warford

Mark your calendars (or speak into your Google Assistant on your phone): The 10th annual Warford Walk for Wellness is set for Saturday, May 18, in Lancaster.

While the event bears my name and I lead the five-kilometer (3.1-mile) walk, the good folks over Antelope Valley Partners for Health do all the work.

The goal is simply to promote fitness — no race, no fundraising, no entry fee.

A nonprofit organization, the group’s mission is to “educate, strengthen and advocate for the community through services and partnerships, achieving optimal health and quality of life for all people living in the Antelope Valley.”

If you are free, we would love to see you on May 18, at Partners for Health headquarters, 44226 10th St. West in Lancaster (in the center where the Whole Wheatery is).

Registration starts at 8 a.m., with pre-walk stretching at 8:45, the walk at 9, and Zumba after the walk for those who wish to wind down with that popular exercise.

We do three laps of about one mile, so if anyone who isn’t up for the full 5K can do a shorter course.

Since I started teaching seven years ago, I don’t get out nearly as much as I used to, and the Warford Walk allows me to see many old friends and meet faithful readers.

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All the coverage of the death and memorial service for rapper Nipsey Hussle made those of us of a certain age think of the great Nipsey Russell.

Growing up in the 1960s, we spent a lot of time with comedian Julius “Nipsey” Russell — on our television screens. I loved the quiz shows, and Nipsey did many of the best ones: “To Tell the Truth,” “Match Game,” “Hollywood Squares.”

He was the first African-American regularly featured on quiz shows, and he always came across as immensely likeable.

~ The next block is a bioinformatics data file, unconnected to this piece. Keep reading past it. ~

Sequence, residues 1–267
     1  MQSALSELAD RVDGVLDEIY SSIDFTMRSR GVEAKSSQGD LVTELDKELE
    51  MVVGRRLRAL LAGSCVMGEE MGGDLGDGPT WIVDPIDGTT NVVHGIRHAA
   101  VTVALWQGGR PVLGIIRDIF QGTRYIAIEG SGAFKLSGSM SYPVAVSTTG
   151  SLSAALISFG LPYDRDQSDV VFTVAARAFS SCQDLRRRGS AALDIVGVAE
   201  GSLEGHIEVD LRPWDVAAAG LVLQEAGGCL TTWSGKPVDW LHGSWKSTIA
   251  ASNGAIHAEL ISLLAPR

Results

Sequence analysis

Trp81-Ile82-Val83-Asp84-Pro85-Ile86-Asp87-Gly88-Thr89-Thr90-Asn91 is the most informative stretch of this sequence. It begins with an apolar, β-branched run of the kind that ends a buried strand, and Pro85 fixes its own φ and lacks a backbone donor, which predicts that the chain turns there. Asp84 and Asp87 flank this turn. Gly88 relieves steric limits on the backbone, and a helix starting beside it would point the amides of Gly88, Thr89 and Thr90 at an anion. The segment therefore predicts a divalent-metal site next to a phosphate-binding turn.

He possessed a quick wit and a knack for creating clever, sometimes a tad risqué, poems.

Nipsey died in 2005 at age 87, or possibly age 82, as there was some controversy over the exact year of his birth in Georgia.

In any event, he must have inspired the late rapper as well, as he adopted the stage name Nipsey Hussle.

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Kudos to Fifth District Los Angeles County Supervisor Kathryn Barger’s office for quick work in getting Little League snack bars reopened.

As reported by Valley Press columnist Brian Golden on Friday, an overzealous county health inspector had shut down all snack bars at all Little League fields in the entire county, essentially demanding they adopt the same standards as full-scale restaurants.

Of course, the leagues rely on snack bar revenue as a major portion of their fundraising, and most would be unable to survive without being able to sell hot dogs and pepper bellies and the like.

They were back in operation by Friday afternoon.

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The news last week that Democrats in Sacramento want to pass new taxes on soda, water, car batteries and myriad other items brought to mind Ronald Reagan’s famous quote:

“Government’s view of the economy could be summed up in a few short phrases: If it moves, tax it. If it keeps moving, regulate it. And if it stops moving, subsidize it.”

William P. Warford’s column appears every Tuesday, Friday and Sunday.

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